REVIEW ARTICLE

Zinc Oxide Eugenol - A Multidisciplinary Approach in Dentistry

Vinay Dole1,Piyusha Kharat2,Muzaffer Ali Khan3

Post Graduate Student Prosthodontics1, Post Graduate Student Conservative2, SMBT Dental College Samgamner1,2, Faculty of Dentistry, Jizan University, Jazan KSA3


Abstract

Zinc Oxide Eugenol (ZOE) is a material created by the combination of Zinc Oxide and Eugenol contained in oil of cloves. Acid-base reaction takes place within the mixture to form Zinc Eugenolate Chelate. The reaction is catalyzed by water and is accelerated by the presence of metal salts. ZOE can be used as a filling cement material in dentistry.  Tissue tolerance to Zinc Oxide Eugenol is better as compared to other dental materials. The cement relieve pain due to reversible pulpitis because it is bacteriostatic, obtundent as well as antiseptic nature, they are well accepted by patients. The cements are good insulators and possess better sealing properties than zinc phosphate cements. Because of their poor mechanical properties, the conventional zinc oxide-eugenol cements are mainly used as temporary fixing cements. They are also used as gingival dressings, root canal sealers and also as impression materials.
Key words:Zinc Oxide Eugenol(ZOE), Cement
Address for correspondence: Dr.Vinay Dhole, Post Graduate Student Prosthodontics, SMBT Dental College Samgamner.



Introduction

Zinc Oxide Eugenol (ZOE) finds a special in dental practice, it is everyday cement. It has anodyne, sedative effect upon oral tissue. ZOE temporary cementing material for restorations comprising in combination a putty-form base agent composition wherein 5.0 to 50.0% by weight of silicic acid are contained in an eugenol-containing base agent composition, and a putty-form setting agent composition wherein 0.5 to 15.0% by weight of an inorganic filler material which has a solubility of up to 0.2 g per 100 ml of water at 20 agent composition. Eugenol is the main component of clove oil, and is contained therein in an amount of 80% or higher. The known Zinc Oxide Eugenol cement compositions used in the present invention comprise the eugenol-containing base agent compositions and the zinc oxide-containing setting agent compositions. The base agent composition is mixed with the setting agent compositions, whereby the eugenol is chelated with the zinc oxide for setting. Known additives such as rosin, rosin derivatives, zinc acetate, glacial acetic acid, acetic acid, vegetable oils, colouring agents, perfumes and so on may optionally be added to both base agent compositions and setting agent compositions.


Composition

Zinc Oxide Eugenol Cement is a combination: A putty-form base agent composition in which 5.0 to 50.0% by weight of silicic acid having a mean particle size of 2 to 2000 millimicrons are contained in an eugenol-containing base agent composition, and A putty-form setting agent composition in which 0.5 to 15.0% by weight of an inorganic filler material having a solubility of up to 0.2 g per 100 ml of water at 20 setting agent composition. The temporary sealing and cementing materials are essential in dentistry, e.g., temporary sealing for the sedation of cavities after the elimination of dental caries, temporary cementing of temporary crowns after pier tooth preparation and temporary sealing for medicaments in endodontics. Typical examples of the known Zinc Oxide Eugenol cement compositions are given below:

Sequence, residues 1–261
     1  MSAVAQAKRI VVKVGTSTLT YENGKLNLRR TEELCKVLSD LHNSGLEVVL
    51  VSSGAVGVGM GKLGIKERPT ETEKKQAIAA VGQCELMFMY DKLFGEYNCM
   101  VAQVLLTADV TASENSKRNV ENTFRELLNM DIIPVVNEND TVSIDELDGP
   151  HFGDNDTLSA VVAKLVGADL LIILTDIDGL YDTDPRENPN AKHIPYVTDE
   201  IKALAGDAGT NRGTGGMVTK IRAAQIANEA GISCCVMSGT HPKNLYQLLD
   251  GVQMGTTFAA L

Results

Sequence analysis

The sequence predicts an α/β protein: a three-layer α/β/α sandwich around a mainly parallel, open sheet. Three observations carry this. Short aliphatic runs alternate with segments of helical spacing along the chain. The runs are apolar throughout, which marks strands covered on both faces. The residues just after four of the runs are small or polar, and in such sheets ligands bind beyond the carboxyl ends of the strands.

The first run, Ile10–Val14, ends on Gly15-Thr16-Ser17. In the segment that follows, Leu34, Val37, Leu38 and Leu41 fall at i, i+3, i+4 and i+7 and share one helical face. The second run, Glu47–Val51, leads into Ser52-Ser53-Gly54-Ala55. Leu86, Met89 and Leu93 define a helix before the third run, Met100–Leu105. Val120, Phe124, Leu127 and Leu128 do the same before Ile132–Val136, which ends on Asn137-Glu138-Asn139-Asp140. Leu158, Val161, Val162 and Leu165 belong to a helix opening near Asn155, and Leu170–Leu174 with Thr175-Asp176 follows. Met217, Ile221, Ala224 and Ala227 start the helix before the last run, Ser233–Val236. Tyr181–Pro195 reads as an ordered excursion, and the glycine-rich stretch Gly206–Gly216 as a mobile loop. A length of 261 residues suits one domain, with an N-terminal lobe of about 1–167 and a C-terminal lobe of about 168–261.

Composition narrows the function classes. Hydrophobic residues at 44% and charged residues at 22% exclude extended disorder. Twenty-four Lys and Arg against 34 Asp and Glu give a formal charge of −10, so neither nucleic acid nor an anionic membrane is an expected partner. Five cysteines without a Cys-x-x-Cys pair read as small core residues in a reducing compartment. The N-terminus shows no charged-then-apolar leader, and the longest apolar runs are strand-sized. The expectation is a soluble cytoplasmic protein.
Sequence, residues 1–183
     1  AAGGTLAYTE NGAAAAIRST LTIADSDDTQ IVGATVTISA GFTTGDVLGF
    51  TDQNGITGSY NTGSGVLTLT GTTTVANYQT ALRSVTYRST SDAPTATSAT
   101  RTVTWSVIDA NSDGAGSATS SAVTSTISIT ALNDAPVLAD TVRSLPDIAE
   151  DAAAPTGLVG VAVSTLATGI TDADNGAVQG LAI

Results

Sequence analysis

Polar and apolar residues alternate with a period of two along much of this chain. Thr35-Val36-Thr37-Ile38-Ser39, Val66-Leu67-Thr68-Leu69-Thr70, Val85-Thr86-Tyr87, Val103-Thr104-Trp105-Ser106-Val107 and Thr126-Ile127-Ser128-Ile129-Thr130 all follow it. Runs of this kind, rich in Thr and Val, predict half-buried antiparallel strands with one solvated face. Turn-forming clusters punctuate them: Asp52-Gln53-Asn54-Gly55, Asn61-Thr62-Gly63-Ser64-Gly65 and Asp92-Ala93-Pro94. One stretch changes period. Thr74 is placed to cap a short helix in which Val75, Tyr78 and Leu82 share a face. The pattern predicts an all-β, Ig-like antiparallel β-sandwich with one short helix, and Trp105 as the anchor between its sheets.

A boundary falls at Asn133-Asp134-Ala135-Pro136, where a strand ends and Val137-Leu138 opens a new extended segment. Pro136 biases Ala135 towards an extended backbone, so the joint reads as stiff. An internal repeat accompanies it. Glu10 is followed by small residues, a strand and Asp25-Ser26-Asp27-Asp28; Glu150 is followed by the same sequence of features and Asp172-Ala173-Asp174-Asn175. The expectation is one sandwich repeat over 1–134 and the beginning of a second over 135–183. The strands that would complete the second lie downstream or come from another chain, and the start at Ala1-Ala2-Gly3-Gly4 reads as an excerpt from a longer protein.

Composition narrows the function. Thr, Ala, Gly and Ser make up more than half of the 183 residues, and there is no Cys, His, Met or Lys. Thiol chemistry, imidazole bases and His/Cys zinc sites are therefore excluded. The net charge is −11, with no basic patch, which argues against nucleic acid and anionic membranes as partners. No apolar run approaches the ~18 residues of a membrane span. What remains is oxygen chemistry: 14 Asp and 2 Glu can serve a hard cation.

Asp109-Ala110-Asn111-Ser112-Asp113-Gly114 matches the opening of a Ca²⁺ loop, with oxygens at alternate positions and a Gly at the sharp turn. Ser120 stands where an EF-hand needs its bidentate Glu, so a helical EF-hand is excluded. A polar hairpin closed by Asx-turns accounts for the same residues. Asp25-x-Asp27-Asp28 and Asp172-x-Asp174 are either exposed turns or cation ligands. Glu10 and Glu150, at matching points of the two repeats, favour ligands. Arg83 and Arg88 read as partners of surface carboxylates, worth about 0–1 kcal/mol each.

1. Zinc Oxide Eugenol Cement (of the Liquid

    1. Base Agent (Liquid) Component-Clove Oil
    2. Setting Agent (Powder) Component-Zinc Oxide, Rosin and Zinc Acetate

If required, colouring matters, perfumes and so on may be used.

  1. Zinc Oxide Eugenol Cement (of the Paste

    1. Base Agent (Paste) Component-Clove Oil, Rosin and Glacial Acetic Acid or Acetic Acid
    2. Setting Agent (Paste) Component-Zinc Oxide and Vegetable Oils

If required, coloring matters, perfumes and so on may be used. It is often used in dentistry when the decay is very deep or very close to the nerve or pulp chamber.


Classification

The temporary sealing material is generally classified into the following three types.1

  1. Powder: Zinc Oxide; Liquid: Eugenol (eugenol acts as a sedative, obtundent for the pulp)
  2. Temporary cement and restorations
  3. ZOE unmodified, Temp Bond
  4. ZOE polymer-reinforced (IRM)
    1. Temporary cement: ↓ Retention or ↑ time
    2. Provisional/intermediate restoration


The zinc oxide eugenol cement meets all the requirements, excels in flow ability, and has suitable degrees of strength and bonding strength, it is frequently used as the temporary cementing material.2 The time needed to finish manipulation of the setting and base agents varies depending upon the skill of operators, and has a great influence upon the performance of the set product, since there is a difference in the dispersed state between both agents.3


Mixing of the cement

Carefully and slowly shake the bottle to evenly distribute the powdered contents. Place three scoops onto the mixing pad. Place four drops of the eugenol next to the powder. To mix, incorporate half of the powder into the liquid and fold it in using the stiff side of the mixing spatula and applying heavy force to ensure an even mix. Add the remainder of the powder, folding in. The final mixture should be putty-like; it should be tacky but malleable, and stiff enough to be properly condensed when placed. Roll the mixed cement into a long roll and cut it into small pieces using the spatula.